Culture

Celebrating Kannada Cinema As Sandalwood Bags 13 National Awards: In Conversation With Director Rishab Shetty

A still from the film Sarkari Hi.Pra. Shaale Kasaragodu which won the National Award for Best Children’s Film
Snapshot
  • Kannada cinema is currently going through a pleasant phase of transformation.

    With the introduction of rich content and the will to explore culture, not only have awards been coming its way, but lost audiences are returning as well.

    A case in point is Rishab Shetty’s film on a Kannada-medium school fighting for individuality in a Kerala district.

For years together, Kannada cinema was in a limbo. Cine-goers would lament about the kind of movies that Sandalwood was churning out, except for the rare gem each year.

But the national film awards that came to Kannada’s kitty earlier this week have announced the comeback of good storytelling on the Kannada silver screen.

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And barring the one in the Best regional film category, all these award-winning films have had stiff competition from the whole of the country, yet proved their mettle. This speaks volumes about the transformation that the industry is going through.

The accolades have termed this a ‘return of the glorious age’ of Kannada cinema, as it has not just received 13 national awards, which is the highest this year for any single language, but also has the distinction of being the industry which produced the highest number of films in 2018.

Sarkari Hi.Pra. Shaale Kasaragodu won the National Award for Best Children’s Film Sarkari Hi.Pra. Shaale Kasaragodu won the National Award for Best Children’s Film

A total of 243 films were dished out by Karnataka in 2018 outdoing even the more popular and bigger Tamil, Telugu and Hindi film industries. In its own history too, this is the first time the industry has won these many national awards, its last best being six awards.

But a lot has gone into bringing about this change. The industry was at its lowest ebb a decade ago with run-of-the mill content, making it a subject of ridicule. Dubbed Kannada cinema played on television channels would often subject Kannadigas to humiliation.

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But the last few years, however, change set in. The last two-to-three years saw cinema being redefined. From crowd-funding to linguistic decentralisation to story-centric filmmaking to exploring regional cultural flavours in an authentic and non-tokenistic fashion, Kannada talkies have had a rebirth.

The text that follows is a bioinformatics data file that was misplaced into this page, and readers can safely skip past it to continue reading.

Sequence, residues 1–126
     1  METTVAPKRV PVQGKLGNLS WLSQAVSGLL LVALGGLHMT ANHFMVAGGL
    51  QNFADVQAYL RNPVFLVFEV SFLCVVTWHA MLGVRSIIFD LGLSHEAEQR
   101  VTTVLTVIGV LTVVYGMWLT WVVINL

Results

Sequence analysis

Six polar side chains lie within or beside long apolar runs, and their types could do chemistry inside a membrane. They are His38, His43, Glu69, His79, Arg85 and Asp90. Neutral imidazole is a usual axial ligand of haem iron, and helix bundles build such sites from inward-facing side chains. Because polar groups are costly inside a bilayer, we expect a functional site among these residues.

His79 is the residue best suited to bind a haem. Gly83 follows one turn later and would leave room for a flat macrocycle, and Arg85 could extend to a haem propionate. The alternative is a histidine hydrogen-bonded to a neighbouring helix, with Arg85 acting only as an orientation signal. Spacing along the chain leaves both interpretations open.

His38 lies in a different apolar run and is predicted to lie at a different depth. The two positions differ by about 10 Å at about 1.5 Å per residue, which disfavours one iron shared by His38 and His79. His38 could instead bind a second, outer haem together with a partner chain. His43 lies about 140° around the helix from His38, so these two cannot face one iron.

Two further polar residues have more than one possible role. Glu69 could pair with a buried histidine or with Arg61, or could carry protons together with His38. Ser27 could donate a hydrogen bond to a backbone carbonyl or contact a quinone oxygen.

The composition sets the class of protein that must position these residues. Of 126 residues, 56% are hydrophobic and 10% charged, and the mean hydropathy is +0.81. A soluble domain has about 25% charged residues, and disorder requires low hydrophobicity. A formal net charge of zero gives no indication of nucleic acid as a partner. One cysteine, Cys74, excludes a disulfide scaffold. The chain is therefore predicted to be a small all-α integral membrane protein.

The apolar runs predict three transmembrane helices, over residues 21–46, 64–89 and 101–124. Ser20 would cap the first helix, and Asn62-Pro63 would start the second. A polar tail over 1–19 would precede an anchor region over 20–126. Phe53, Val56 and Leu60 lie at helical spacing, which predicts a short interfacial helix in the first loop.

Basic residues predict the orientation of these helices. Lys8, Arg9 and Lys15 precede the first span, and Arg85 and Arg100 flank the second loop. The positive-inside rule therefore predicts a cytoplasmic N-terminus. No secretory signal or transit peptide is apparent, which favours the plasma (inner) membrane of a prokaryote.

And this breaking free from the mould has what has made all the difference, says Director Rishabh Shetty, whose film Sarkari Hi. Pra. Shaale, Kasaragodu, Koduge: Ramanna Rai won the Swarna Kamala or the Golden Lotus Award for the Best Children’s film.

The school Sarkari Hi.Pra. Shaale Kasaragodu from the film The school Sarkari Hi.Pra. Shaale Kasaragodu from the film

Set in Kasaragod, a border district in Kerala, where almost everyone speaks Kannada, the socio-political comedy is centered around the survival of a Kannada-medium school that struggles to deal with the issue of language supremacy and domination.

Elated at having won the National award, director Rishab Shetty shares what this means for him, the film and the industry in his unapologetic coastal Kannada. Here are excerpts from an interview:

Director Rishab Shetty on the sets Director Rishab Shetty on the sets

Shetty, who began his silver screen innings as an actor with a small role in the 2013 first crowdfunded Kannada film Lucia, is glad that the Kannada film industry is finally getting its act together.

The audience that stopped going to theatres is now returning. There was a culture of watching movies in theatres earlier, which kind of vanished around the 90s thanks to the kind of films that began to be made. But that is now slowly changing.

“Until the mid 90s we had a steady mix of content-driven as well commercial star- driven cinema and both had their own large fan bases. But then, the stories that were told stagnated. Writers and novelists stopped writing for cinema. Novels that were cinematically rendered were made with an ‘award’-oriented or festival-oriented mindset, without a proper commercial release or promotion. They were happy with awards alone. Because of which such cinema didn’t reach people at all,” says Shetty.

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“They made it with a limited way – small budget – for competitions alone – content based ones,” he adds. This he says took the audiences who watched films for content away from the theatres. “The culture vanished,” he laments.

But thankfully not anymore. The last few years have seen a comeback of Kannada cinema, with many newcomers experimenting with style, format, genre, scale and storytelling.

“ From the time of say Lucia and Ulidavaru Kandante, the trend is changing and it is bringing the audience back to theatres.”he says gladly.